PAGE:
9. Jan 2, 2008

CarlB

One of the interesting things about spin-1/2 and massless spin-1 is that both have 2 degrees of freedom.

And I believe that they both have the same geometric phase (or Berry phase); that is, when you send them through a series of direction changes and back to their original orientation, in such a way that the path encloses a spherical area of S ster radians, they both pick up a complex phase of exp( i S / 2 ).

This is one of the things that makes me wonder if they really are that different from each other.

10. Jan 2, 2008

Demystifier

This is true for the spin-2 as well. In fact, this is valid for any spin. But this is a property of 4 dimensions of spacetime. In other spacetime dimensions the number of massless degrees of freedom depends on the spin.

11. Jan 10, 2008

Demystifier

I have just found a paper that says something more concrete about that. See page 76 of
http://lanl.arxiv.org/abs/hep-th/9912164
It is true that dynamics is important, but it is not true that all p-forms in supersymmetric theories have spin 1. Instead, their spin may be 1 or 0, or they may carry no dynamical degrees of freedom at all. In a specific supersymmetric 4-dimensional theory discussed there we have:
3-form: no dynamical degrees of freedom
2-form: s=0
1-form: s=1
The 4-form does not appear in this supersymmetric theory, but a 4-form in 4 dimensions is dual to a scalar, which means that in any 4-dimensional theory a 4-form is either nondynamical or has spin s=0.

12. Jan 10, 2008

Demystifier

If so, then what is the meaning of the following frequently stated claim?
"D=11 is the maximal number of dimensions of a supersymmetric theory that does not contain massless fields with spins higher than 2."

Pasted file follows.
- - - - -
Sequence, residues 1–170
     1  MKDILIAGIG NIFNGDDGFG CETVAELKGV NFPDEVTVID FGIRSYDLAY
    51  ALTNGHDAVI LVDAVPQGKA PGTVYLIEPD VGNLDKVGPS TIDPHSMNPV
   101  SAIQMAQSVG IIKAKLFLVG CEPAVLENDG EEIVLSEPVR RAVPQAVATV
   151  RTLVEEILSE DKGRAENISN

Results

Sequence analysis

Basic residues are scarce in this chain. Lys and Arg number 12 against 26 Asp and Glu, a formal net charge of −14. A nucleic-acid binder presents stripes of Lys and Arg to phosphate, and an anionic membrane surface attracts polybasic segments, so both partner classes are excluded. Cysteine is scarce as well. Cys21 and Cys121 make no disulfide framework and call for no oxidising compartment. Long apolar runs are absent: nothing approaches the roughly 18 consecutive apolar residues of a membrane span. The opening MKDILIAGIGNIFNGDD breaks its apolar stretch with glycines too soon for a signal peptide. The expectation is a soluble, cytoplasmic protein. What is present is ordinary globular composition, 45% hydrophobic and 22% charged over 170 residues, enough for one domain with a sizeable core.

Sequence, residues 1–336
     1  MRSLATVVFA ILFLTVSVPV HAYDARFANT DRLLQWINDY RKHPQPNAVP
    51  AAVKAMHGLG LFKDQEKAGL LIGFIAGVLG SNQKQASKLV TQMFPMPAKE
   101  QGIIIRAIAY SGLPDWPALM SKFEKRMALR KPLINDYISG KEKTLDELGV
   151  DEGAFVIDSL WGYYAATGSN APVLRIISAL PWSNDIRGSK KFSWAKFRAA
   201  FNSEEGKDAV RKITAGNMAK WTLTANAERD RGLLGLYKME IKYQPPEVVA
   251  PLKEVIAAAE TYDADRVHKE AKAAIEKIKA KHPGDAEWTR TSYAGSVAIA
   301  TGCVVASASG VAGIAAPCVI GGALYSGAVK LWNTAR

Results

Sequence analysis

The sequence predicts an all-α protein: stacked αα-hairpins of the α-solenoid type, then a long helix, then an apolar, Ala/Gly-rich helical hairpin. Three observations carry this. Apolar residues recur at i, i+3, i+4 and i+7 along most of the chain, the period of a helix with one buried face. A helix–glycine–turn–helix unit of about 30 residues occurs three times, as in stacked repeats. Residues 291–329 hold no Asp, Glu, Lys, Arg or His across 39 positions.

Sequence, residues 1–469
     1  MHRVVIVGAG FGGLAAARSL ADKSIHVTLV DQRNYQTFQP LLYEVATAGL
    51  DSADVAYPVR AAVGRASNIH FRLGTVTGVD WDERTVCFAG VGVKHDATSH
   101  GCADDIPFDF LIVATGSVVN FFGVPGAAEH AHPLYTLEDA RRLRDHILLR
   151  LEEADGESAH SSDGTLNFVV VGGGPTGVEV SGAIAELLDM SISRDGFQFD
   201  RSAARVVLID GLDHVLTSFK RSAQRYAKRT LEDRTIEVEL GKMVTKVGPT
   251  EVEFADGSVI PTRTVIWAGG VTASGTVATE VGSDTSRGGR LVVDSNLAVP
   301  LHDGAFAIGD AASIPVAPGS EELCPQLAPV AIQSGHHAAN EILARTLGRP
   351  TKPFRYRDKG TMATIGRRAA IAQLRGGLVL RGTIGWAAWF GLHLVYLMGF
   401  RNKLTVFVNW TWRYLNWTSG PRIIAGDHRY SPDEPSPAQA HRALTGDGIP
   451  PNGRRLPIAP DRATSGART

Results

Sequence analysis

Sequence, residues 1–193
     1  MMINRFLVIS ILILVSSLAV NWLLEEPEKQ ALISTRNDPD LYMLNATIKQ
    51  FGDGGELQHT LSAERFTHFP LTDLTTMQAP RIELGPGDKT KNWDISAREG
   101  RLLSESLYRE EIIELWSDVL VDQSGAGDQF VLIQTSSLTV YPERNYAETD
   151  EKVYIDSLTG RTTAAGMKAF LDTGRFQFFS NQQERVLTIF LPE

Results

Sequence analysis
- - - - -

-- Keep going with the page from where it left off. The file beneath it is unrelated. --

Does the word "spin" in that sentence referres only to the 4-dimensional view of the higher dimensional theory?
It makes sense if one visualizes spin as a rotation in the 2-plane normal to the spatial direction of particle motion. Only in 3 space dimensions such a plane is unique.

13. Jan 11, 2008

blechman

I believe you are correct. A massless field in D=11 has its rotation properties ("spin") determined by its representation of SO(9) (the "liittle group") - When we talk about its "spin", we must be referring to a SO(2) subgroup of this larger group. I can't see how it makes sense otherwise.

But I'm not sure what you meant by your earlier post of "physical" vs "mathematical" spin. Spin is the quantum number that tells you what representation of the rotation group you are in. It is "physical" in the sense that ANY quantum number is physical! But that quantum number is only defined in D=4, since in higher dimensions, the representation is no longer simply a half-integer.

This thought shouldn't bother anyone too much: in 3 dimensions, you can have "anyons" which have "spin" any real number!

To CarlB's post: D=4 is a funny world, indeed! It is where massless degrees of freedom always have only 2 components, irregardless of their spin. It is also the "critical dimension" where the Wilson-Fisher fixed point of condensed matter becomes the trivial fixed point. Maybe G-d just loves the number 4!

14. Jan 14, 2008

Demystifier

Is there an attempt to use these facts to explain why we live in (or see) 4 dimensions?

15. Jan 14, 2008

blechman

Eh, sounds like mystical numerology to me! It's a funny coincidence, but I don't think there's any more to it than that.

16. Jan 17, 2008

AlphaNumeric2

That is only true if your metric is Lorentzian. If your metric has 2 time-like directions then you can go up to D=12, as is done in F theory. I think beyond that you cannot get spin=<2 only, no matter how many time-like dimensions you have.
Can you please be more specific about which section? I looked in the 15th chapter about infrared effects but nothing popped out as relating to it.

Which page is it? Thanks.

17. Jan 17, 2008

gel

Doesn't the space of p-forms on Minkowski space define a repesentation of the Poincare group, in which case it can be decomposed into spin-k representations for some set of values for k (regardless of whether it occurs in field theory or not)?

18. Jul 28, 2011

Demystifier

Another example:
The 2-form Kalb-Ramond field (a massless mode of closed strings, appearing together with the graviton and the scalar dilaton) has spin 0.
See e.g. the Introduction in
http://xxx.lanl.gov/abs/1003.1243
(There is a misprint in Ref. [2] for the paper by Kalb and Ramond. The correct volume is 9, not 8.)
In the paper by Kalb and Ramond it is also shown that a massive KR field has spin 1.

Last edited: Jul 28, 2011